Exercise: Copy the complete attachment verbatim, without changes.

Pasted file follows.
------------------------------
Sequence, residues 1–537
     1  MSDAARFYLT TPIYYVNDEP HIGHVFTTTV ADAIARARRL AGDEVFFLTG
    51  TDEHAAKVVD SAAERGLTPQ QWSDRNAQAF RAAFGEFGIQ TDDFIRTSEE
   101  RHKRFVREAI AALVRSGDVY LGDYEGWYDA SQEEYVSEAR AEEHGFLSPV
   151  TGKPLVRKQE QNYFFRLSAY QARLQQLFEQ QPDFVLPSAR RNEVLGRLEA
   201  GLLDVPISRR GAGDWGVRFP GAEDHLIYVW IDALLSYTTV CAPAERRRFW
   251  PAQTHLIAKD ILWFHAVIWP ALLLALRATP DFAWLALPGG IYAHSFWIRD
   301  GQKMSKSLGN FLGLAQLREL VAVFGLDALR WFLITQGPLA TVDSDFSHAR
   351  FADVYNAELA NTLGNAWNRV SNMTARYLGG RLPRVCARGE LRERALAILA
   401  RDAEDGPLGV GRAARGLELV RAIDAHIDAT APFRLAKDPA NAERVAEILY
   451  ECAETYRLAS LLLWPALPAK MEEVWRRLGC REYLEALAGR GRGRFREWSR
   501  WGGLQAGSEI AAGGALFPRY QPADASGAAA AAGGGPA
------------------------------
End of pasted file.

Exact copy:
Sequence, residues 1–537
     1  MSDAARFYLT TPIYYVNDEP HIGHVFTTTV ADAIARARRL AGDEVFFLTG
    51  TDEHAAKVVD SAAERGLTPQ QWSDRNAQAF RAAFGEFGIQ TDDFIRTSEE
   101  RHKRFVREAI AALVRSGDVY LGDYEGWYDA SQEEYVSEAR AEEHGFLSPV
   151  TGKPLVRKQE QNYFFRLSAY QARLQQLFEQ QPDFVLPSAR RNEVLGRLEA
   201  GLLDVPISRR GAGDWGVRFP GAEDHLIYVW IDALLSYTTV CAPAERRRFW
   251  PAQTHLIAKD ILWFHAVIWP ALLLALRATP DFAWLALPGG IYAHSFWIRD
   301  GQKMSKSLGN FLGLAQLREL VAVFGLDALR WFLITQGPLA TVDSDFSHAR
   351  FADVYNAELA NTLGNAWNRV SNMTARYLGG RLPRVCARGE LRERALAILA
   401  RDAEDGPLGV GRAARGLELV RAIDAHIDAT APFRLAKDPA NAERVAEILY
   451  ECAETYRLAS LLLWPALPAK MEEVWRRLGC REYLEALAGR GRGRFREWSR
   501  WGGLQAGSEI AAGGALFPRY QPADASGAAA AAGGGPA